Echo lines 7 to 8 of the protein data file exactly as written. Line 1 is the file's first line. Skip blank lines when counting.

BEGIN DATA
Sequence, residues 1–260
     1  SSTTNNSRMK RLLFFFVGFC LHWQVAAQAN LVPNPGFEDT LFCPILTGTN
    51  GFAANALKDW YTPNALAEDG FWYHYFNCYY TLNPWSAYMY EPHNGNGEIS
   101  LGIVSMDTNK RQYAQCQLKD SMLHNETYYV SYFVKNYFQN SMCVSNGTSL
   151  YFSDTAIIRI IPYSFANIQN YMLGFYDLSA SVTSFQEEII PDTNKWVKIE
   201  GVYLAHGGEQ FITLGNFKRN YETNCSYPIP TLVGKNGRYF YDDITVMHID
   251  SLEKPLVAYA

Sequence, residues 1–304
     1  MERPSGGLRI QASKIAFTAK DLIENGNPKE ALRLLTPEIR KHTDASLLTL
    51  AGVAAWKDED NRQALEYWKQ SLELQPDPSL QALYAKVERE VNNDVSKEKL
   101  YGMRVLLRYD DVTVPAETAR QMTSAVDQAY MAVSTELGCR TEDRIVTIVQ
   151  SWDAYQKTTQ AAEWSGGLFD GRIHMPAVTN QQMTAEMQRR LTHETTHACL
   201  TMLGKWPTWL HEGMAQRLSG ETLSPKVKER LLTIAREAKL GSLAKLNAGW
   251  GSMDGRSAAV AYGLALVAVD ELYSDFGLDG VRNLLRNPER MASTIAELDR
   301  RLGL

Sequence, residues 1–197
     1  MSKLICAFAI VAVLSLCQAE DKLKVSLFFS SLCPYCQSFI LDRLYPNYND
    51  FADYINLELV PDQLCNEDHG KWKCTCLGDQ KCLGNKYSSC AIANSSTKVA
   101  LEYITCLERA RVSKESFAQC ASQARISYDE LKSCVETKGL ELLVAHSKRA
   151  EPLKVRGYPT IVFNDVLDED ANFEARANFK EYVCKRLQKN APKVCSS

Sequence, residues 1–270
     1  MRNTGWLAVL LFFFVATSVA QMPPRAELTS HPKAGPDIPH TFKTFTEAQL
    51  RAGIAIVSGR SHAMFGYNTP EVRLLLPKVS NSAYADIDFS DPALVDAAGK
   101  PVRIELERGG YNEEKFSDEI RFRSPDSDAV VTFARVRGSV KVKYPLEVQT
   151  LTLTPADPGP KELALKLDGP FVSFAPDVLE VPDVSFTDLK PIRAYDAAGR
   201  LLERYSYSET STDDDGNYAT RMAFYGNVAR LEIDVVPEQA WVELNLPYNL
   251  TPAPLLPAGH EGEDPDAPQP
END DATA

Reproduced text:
   251  SLEKPLVAYA

Sequence, residues 1–304